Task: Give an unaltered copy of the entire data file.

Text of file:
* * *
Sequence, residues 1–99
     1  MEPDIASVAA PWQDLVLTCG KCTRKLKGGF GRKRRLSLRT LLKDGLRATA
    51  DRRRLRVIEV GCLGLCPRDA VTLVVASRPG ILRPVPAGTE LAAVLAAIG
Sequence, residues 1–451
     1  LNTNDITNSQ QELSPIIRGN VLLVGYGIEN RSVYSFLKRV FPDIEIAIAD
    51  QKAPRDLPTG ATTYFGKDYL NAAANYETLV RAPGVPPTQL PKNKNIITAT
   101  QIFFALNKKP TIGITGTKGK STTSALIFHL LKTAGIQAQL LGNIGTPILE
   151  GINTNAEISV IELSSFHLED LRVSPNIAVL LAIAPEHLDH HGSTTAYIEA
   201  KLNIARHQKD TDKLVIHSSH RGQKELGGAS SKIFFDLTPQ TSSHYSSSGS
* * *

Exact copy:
Sequence, residues 1–99
     1  MEPDIASVAA PWQDLVLTCG KCTRKLKGGF GRKRRLSLRT LLKDGLRATA
    51  DRRRLRVIEV GCLGLCPRDA VTLVVASRPG ILRPVPAGTE LAAVLAAIG
Sequence, residues 1–451
     1  LNTNDITNSQ QELSPIIRGN VLLVGYGIEN RSVYSFLKRV FPDIEIAIAD
    51  QKAPRDLPTG ATTYFGKDYL NAAANYETLV RAPGVPPTQL PKNKNIITAT
   101  QIFFALNKKP TIGITGTKGK STTSALIFHL LKTAGIQAQL LGNIGTPILE
   151  GINTNAEISV IELSSFHLED LRVSPNIAVL LAIAPEHLDH HGSTTAYIEA
   201  KLNIARHQKD TDKLVIHSSH RGQKELGGAS SKIFFDLTPQ TSSHYSSSGS